I looked with interest to the national newspaper coverage of the announcement – after all, that’s where we go for considered arts coverage, isn’t it? – and noted that The Guardian’s piece on the subject consisted of not one word of comment or appraisal of the series’ content. The explanation? “The Guardian is a media partner of The Rest Is Noise festival.”

Tuesday 27 November 2012

December's IRR reviews

December’s International Record Review is out now and again features reviews I’ve written. Here’s what I was sent this month:

American Serenade - Rachel Kolly d’Alba
Gershwin/Bernstein/Waxman (Warner Classics 2564 65765-7)

“If the career to date of Swiss violinist Rachel Kolly d’Alba proves anything, it’s that it is possible (thankfully) to enter the field playing something other than standard rep and warhorse concerti. American Serenade is her third album for Warner Classics... [It] explores the cross-contamination of “high” and “low” art inherent in American culture.”

Russian String Quartets – Leipziger Streichquartett
Afanasiev/Borodin/Rachmaninov/Rimsky-Korsakov (MDG307 1758-2)

“The familiar nestles among the obscure in the Leipziger Strechquartett’s album of Russian quartets. Borodin’s evergreen example is mirrored at the programme’s start by a work from a man (Afanasiev) geographically far removed from the heart of Russia’s nineteenth century musical renaissance, providing a glimpse of the artistic inspirations of the time.”

Wolfgang Rihm – Complete works for violin and piano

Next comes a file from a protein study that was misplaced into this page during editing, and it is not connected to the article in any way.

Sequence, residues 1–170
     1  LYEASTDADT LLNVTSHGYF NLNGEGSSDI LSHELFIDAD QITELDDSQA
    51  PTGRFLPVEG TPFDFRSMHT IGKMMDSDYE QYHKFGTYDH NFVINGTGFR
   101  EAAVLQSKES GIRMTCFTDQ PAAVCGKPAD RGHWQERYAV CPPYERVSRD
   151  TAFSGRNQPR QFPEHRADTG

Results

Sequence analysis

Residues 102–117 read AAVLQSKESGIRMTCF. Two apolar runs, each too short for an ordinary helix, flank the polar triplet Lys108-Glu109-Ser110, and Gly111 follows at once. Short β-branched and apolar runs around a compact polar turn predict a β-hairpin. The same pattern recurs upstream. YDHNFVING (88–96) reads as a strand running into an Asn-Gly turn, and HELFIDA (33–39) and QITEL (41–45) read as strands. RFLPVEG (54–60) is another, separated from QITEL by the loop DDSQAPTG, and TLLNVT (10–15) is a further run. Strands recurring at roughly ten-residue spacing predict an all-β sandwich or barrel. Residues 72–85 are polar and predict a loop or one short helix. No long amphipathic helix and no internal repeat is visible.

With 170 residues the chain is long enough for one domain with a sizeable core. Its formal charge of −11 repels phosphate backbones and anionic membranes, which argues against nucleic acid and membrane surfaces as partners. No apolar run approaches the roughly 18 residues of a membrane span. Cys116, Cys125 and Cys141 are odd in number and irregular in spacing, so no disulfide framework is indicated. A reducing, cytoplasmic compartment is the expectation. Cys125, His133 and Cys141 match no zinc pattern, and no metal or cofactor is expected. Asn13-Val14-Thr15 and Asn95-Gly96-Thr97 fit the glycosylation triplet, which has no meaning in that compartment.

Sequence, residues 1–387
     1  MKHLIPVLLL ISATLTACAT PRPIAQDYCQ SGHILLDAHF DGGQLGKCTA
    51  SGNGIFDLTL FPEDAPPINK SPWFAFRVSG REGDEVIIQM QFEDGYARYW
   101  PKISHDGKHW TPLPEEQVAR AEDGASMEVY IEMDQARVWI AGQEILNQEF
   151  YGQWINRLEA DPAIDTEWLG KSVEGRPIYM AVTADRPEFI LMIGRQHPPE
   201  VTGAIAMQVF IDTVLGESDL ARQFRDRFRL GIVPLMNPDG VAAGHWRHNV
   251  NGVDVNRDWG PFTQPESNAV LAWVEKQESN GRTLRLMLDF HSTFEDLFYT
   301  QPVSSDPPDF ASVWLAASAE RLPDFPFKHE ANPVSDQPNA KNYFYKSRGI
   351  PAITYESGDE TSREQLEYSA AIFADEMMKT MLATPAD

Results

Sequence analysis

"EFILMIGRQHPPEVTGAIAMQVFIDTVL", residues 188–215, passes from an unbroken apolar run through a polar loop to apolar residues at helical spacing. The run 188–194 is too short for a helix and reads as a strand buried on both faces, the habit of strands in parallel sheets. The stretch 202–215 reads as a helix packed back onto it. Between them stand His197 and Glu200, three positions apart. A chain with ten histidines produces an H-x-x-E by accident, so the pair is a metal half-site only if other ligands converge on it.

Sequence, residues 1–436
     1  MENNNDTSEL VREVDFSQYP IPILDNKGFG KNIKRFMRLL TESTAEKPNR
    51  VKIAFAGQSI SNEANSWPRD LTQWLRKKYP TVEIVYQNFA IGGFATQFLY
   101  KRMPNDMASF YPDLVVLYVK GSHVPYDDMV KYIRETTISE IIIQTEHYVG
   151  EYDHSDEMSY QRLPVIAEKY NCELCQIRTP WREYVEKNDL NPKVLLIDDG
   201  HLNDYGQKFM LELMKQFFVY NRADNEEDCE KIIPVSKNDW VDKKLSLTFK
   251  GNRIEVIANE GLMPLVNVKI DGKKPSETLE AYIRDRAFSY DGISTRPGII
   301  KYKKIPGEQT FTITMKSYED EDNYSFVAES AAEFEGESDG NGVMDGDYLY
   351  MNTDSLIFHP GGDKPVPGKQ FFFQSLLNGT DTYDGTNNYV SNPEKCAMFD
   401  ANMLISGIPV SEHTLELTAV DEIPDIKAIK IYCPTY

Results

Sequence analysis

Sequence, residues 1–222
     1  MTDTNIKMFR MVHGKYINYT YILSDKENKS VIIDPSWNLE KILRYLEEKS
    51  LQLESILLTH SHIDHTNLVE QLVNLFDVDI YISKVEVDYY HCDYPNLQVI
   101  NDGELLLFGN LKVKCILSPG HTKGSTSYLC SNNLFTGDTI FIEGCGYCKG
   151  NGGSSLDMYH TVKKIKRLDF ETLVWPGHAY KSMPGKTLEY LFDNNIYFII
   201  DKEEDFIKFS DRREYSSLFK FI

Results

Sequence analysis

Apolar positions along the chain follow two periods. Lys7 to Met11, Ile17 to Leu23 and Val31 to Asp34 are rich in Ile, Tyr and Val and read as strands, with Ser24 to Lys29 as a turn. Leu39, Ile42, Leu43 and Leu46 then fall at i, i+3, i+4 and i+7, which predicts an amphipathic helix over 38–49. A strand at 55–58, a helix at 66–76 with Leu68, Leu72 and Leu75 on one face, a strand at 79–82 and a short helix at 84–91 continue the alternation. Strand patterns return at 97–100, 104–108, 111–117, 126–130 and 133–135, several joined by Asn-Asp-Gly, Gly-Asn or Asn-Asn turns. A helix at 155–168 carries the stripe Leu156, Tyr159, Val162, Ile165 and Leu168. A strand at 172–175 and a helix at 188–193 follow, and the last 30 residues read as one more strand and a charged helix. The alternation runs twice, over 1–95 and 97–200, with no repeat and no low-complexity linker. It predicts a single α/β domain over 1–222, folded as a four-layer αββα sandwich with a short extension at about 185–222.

Tianwa Yang & Nicholas Rimmer (Naxos 8.572730)

Yang and Rimmer prove to be outstanding guides to Rihm’s fiercely focused music. They are alert to every tiny change in dynamic and texture, to every finely weighed gesture that Rihm sets out. Their strengths are immediately apparent in Phantom und Eskapade, a piece completed in 1994 for Anne-Sophie Mutter and bearing one of Rihm’s typically opaque titles. Rimmer’s wonderfully precise touch illuminates the questioning opening and continues to alternate delicacy with barbed urgency throughout this enigmatic piece.”  

Thursday 22 November 2012

Sinfini Music: More of the same?

The launch of new Universal’s shiny new classical music magazine Sinfini Music has prompted a number of posts across the classical blogosphere and provoked predictable responses from certain quarters. Norman Lebrecht, a contributor to SM, heralds its arrival with an enthusiasm that suggests a moment of epoch defining import, comparable with the discovery of America and the invention of cheese. Popular blogger Opera Chic has also been recruited and, if her post on the subject is anything to go by, we can look forward to a quotient of modern ironic jurno shtick and associated megalolz.

Elsewhere, Overgrown Path plots the new site’s coordinates at a lat and long of dumb and dumber, and indeed, first impressions aren’t great. There are well worn (out?) features such as celebrity interviews (Joanna Lumley’s classical faves is one worth missing), guides to recordings of familiar classics (all the choices on their Beethoven 5 feature are Universal titles, but hey ho), and even a naff cartoon. In fairness, there are some worthwhile items that you won’t find in the pages of Gramophone, such as Paul Morley’s stinging views of the Classical Brits and Gramophone Awards.

There’s the question of how much editorial independence is really possible when the main backer has such a vested interest in the market, but I wonder if the real story is that Universal is fed up of waiting for the traditional print media to master the online forum and has decided to step in. Efforts from various review magazines have tended to amount to little more than digital adverts for their own physical editions, and Universal must realise that there's a world of potential coverage that's currently being left to them dang bloggers. But is this really a new new way of funding music journalism or a worrying intervention in a field that should be valueing independence above all else? Time will tell, but for now it looks like (content-wise, at least) it might just be more of the same.

Tuesday 20 November 2012

Exstatica at the BBC